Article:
Making the first crowdsourced car: Fiat’s journey

Imagine that you are a car manufacturer and you want to modernize and use novel ideas in the way you develop new vehicles. What would you do? Most likely, you start with an idea, create a concept, design and build prototypes, test it, gather feedback, produce a new prototype, test it again… repeating this cycle until finally, you are ready to produce and sell the finished product to your customers.

However, if you really want to be innovative and are also looking for higher alignment with your customers out there, you might want to pursue a path like Fiat.

In August 2009 Fiat launched a project called “Fiat Mio”. The idea which started out in Brazil in 2006 was to invite people to help create a car for the future and design the world’s first crowdsourced car.

Could they do it?

Yes. Isn’t that some amazing result? When you’re dealing with the development of a complex product like an automobile, there are always things that you do in-house (e.g. some serious and sensitive engineering work or some part of production). However, there are also many things that you can crowdsource and the result of Mio project show this something doable. In Sao Paulo Auto Show in October 2010, Fiat finally unveiled the Fiat Mio, the world’s first crowdsourced car, a futuristic concept car based on the ideas and solutions proposed by thousands of people around the world.

Many design and development activities including the logo of Fiat Mio were developed by enthusiastic contributors who were interacting with the company through the project website. More than 17,000 participants from around the world provided in excess of 11,000 ideas and solutions.

The end result? “A compact and agile car, comfortable and safe with innovative traffic solutions for big cities, a pollutant-free engine and the capacity to receive personalized updates, ability to change in configuration.”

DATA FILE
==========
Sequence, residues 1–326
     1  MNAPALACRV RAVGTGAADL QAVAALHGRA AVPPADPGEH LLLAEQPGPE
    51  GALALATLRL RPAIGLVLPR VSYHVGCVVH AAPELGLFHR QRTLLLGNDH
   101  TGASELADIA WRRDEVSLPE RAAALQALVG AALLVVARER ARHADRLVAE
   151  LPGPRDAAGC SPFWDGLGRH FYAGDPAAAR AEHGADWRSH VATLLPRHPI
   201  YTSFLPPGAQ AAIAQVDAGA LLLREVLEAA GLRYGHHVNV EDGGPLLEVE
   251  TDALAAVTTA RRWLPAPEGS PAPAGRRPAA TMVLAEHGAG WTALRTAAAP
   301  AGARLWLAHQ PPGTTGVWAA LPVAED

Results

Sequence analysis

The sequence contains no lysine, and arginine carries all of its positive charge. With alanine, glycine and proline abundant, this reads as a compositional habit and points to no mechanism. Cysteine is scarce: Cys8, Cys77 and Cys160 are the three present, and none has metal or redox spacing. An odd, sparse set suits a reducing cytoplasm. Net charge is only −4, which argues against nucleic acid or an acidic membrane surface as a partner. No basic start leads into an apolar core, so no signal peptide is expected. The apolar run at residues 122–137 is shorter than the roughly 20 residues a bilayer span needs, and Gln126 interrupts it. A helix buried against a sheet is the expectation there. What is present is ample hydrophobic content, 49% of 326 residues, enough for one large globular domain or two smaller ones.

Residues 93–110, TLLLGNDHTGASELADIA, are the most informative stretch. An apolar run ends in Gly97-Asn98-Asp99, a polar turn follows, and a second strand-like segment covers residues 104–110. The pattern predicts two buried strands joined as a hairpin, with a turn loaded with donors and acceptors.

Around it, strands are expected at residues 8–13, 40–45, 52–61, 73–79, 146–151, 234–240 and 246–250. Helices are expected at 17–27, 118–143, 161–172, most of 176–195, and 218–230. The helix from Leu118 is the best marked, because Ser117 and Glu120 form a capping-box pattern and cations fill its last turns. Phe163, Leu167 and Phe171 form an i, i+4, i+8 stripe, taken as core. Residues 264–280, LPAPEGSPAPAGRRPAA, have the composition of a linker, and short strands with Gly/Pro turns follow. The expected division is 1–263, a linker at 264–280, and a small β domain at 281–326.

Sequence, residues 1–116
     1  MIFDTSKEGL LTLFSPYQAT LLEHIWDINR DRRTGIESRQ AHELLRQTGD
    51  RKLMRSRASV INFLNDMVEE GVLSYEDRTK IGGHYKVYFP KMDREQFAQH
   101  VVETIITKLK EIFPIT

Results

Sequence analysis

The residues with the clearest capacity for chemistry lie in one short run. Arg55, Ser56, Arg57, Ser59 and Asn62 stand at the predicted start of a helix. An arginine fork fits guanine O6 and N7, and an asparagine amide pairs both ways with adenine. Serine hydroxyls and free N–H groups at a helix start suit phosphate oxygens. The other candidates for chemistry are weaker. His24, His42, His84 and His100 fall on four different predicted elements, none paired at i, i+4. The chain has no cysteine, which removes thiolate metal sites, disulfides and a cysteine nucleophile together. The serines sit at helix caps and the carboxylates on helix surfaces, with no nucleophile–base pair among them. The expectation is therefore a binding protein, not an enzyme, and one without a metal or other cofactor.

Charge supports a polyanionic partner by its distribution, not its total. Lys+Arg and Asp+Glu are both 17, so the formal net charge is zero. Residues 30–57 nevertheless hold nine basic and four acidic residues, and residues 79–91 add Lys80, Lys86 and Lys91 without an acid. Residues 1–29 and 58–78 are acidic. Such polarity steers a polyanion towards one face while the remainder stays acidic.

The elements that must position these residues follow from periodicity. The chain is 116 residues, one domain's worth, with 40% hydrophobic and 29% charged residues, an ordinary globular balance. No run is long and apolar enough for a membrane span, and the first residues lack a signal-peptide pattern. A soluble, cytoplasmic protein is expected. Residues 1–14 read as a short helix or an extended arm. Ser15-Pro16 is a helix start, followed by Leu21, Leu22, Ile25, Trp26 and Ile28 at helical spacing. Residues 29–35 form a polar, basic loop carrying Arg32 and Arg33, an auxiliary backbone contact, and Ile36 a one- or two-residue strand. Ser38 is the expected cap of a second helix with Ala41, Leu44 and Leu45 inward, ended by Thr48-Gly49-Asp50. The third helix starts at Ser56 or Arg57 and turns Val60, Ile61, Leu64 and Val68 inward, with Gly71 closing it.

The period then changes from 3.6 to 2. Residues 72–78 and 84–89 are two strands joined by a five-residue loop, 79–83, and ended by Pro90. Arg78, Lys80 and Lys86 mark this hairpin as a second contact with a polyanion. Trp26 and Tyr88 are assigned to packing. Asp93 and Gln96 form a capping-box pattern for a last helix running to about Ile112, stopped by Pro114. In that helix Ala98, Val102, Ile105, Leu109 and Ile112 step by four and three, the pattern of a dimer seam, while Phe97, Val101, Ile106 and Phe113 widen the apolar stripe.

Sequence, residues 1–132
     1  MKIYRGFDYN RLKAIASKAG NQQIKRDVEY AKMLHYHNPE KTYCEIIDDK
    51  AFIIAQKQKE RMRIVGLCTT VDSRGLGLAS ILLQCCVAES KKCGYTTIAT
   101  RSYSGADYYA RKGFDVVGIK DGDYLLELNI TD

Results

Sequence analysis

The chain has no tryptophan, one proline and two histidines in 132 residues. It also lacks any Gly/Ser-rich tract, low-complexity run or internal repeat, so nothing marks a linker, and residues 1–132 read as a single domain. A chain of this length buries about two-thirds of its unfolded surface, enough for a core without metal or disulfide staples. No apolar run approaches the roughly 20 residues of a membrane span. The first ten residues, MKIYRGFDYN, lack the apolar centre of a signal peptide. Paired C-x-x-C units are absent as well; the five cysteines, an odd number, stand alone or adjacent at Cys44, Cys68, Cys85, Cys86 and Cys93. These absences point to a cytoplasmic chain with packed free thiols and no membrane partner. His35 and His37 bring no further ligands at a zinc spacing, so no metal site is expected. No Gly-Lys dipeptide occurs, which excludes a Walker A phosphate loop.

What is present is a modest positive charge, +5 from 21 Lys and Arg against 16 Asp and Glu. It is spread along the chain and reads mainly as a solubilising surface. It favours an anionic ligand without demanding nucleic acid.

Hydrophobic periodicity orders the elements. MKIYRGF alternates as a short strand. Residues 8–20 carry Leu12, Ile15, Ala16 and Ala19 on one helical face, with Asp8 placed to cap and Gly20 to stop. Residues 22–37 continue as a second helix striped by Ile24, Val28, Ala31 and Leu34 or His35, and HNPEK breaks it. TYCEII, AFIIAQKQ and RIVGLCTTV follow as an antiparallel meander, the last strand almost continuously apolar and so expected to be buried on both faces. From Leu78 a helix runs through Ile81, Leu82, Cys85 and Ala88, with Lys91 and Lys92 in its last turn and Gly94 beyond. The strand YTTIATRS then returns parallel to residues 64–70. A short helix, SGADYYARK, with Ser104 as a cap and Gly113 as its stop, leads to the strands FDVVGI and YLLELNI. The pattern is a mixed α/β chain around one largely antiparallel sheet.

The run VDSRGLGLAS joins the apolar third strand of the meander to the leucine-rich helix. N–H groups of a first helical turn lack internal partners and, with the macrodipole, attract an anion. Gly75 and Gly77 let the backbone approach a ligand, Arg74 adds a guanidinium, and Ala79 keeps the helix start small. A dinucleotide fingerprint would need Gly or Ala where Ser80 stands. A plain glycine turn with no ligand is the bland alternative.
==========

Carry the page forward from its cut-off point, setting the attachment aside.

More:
What can we learn from Mio?

The Fiat Mio is a prime example of what can be accomplished by intelligent crowdsourcing of a firm’s product development activities. Rather than relying solely on internal abilities, one can think about connecting to a large community of engineers, startups and other partners to circumvent the restrictions of limited resources and knowledge, and think outside the box—literally.

In order to make this happen, several things need to happen:

  1. An external collaboration process can’t function effectively without the R&D personnel willing to listen and collaborate with the crowd. This will be realized through strong support of R&D executives for such ventures.
  2. In projects with such high levels of participation, the company might end up with many good solutions which might be contradictory. The company should be able to develop criteria and guidelines to quickly filter the input to absolutely valuable ones.
  3. The product may not be the real outcome. The result is usually much more than that. Perhaps the most meaningful legacy of the Fiat Mio is the communication platform built between Fiat and consumers and the large amount of data that Fiat collected from the crowd. At the end of the day, it’s also about knowledge capital not merely a physical artifact.
  4. Programs such as this can give a company new perspectives on problem-solving and create win-win situations: Overall, the gains are not only for the company but the participants also become well-known as being the owner of specific solutions materialized in the product.

 

Looking at the possibilities of crowdsourcing for a complex product like a car, I wonder if we can’t do the same with other artifacts around us. As an example, I am personally looking forward to a new phone after 7 years of using an iPhone. Maybe it’s now the time for “Smartphone Mio”.

Note: By the way, you can watch the whole journey for Fiat Mio in 17 short videos here on our Youtube Channel

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